30th May, 2013

Planning for Growth in Fredericksburg Texas and Beyond

Now boasting a population of 10,530, our hometown of Fredericksburg Texas has welcomed more than 2000 new residents since the year 2000.  Between 2000 and 2012, the rate of growth absorption into neighborhoods of Fredericksburg TX homes and community services was 18.29%.  High growth rates are not new to the Lone Star State.  Texas is the fastest-growing state in the union today.  Since 1940, the decade by decade growth in Texas has averaged over 21%.

Numerous qualities are bringing buyers to search for Fredericksburg real estate, including the low cost-of-living and unemployment rates and joie de vivre in the community.  The influx of new residents in Fredericksburg is notable considering that 90 percent of Texans live in one of 25 metro areas.  But with the median single-family home price over $230,000 and going up, can people afford Fredericksburg?  A common question planners ask themselves is, Can our population afford our home prices?

By pondering these types of questions, population growth in larger and smaller communities can be managed to avoid problems with infrastructure, crowding, lack of resources for schools and water supplies, safety, and parks. Community planners, however, must strike a balance between assessing taxes and financial burdens on developers and coordinating with existing programs and facilities. If too many of the costs are passed on to developers and builders, then housing and land prices can increase to the point where the average worker cannot afford housing.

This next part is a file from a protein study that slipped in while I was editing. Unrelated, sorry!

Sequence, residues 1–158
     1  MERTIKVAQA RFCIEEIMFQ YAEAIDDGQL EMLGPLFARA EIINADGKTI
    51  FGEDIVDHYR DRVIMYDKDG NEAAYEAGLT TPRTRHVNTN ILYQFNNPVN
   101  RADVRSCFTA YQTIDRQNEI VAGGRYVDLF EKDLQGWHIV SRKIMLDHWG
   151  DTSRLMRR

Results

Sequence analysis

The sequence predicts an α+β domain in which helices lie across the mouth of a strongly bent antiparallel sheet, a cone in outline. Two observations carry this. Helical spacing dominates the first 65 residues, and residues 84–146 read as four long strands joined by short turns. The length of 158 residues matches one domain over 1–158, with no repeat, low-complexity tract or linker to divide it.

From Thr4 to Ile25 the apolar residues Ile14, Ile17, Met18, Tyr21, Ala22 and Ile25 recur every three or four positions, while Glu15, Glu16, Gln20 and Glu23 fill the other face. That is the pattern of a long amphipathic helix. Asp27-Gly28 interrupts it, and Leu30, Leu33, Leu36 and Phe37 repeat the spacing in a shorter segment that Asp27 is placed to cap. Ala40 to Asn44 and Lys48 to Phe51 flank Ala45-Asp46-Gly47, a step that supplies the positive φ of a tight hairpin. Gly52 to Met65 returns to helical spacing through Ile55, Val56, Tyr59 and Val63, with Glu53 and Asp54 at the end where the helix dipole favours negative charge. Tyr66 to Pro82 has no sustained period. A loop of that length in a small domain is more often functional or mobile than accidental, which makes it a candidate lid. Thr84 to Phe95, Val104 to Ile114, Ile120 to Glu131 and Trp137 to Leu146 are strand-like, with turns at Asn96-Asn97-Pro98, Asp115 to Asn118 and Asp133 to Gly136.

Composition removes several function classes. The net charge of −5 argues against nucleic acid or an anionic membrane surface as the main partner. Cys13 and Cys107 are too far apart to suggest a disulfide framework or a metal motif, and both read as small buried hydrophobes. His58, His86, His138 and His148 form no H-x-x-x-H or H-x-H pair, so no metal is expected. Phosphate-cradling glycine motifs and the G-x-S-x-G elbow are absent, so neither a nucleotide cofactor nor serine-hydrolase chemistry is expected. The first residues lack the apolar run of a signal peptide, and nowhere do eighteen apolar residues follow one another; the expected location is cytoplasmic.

In numerous communities, the conundrum of a lack of housing suitable to the incomes of residents has been a big topic of conversation over the last decade.  “Affordable housing broadly refers to decent-quality housing that low-and moderate-income households can afford without paying more than 30 percent of their income for total housing costs.”  This statement was made by James P. Gaines and Harold D. Hunt in their article entitled, “Crowd Control: Planning for Texas Population Growth,” published by Tierra Grande Magazine.

These experts tell us that residents need to stay within a 30-percent debt-two-income ratio. A Texan median household income was approximately $50,000 in 2011 and the median household income in Fredericksburg is slightly lower. This household could afford a home priced at approximately $130,000.  A moderate-income household would need to stay in the $105,000 range and a low-income households would be looking under $70,000.  Relatively speaking, the median priced home in Fredericksburg Texas would be well out of reach for these residents.  Good thing we do have some options to suit each income level.

Perhaps our city and county leaders would consider encouraging builders to develop new homes with a charming European personality that will honor our average and lower income households.  The Wellington neighborhood is successful initiative in Breckenridge, Colorado.  It is a small, charming affordable master-planned community where buyers agree to work in the county to offset some of the cost of their homes. They are only available for certain income levels. Habitat for Humanity has executed similar projects in communities throughout the nation.

This is only one small aspect involved in planning for future growth.  Thoughtful discussions are in order.  To find out about Texas Hill Country homes and ranches for sale, please call Dale E. Cook, MBA and owner of SAGE – Premium Texas Real Estate in Fredericksburg at (830) 992-0056.

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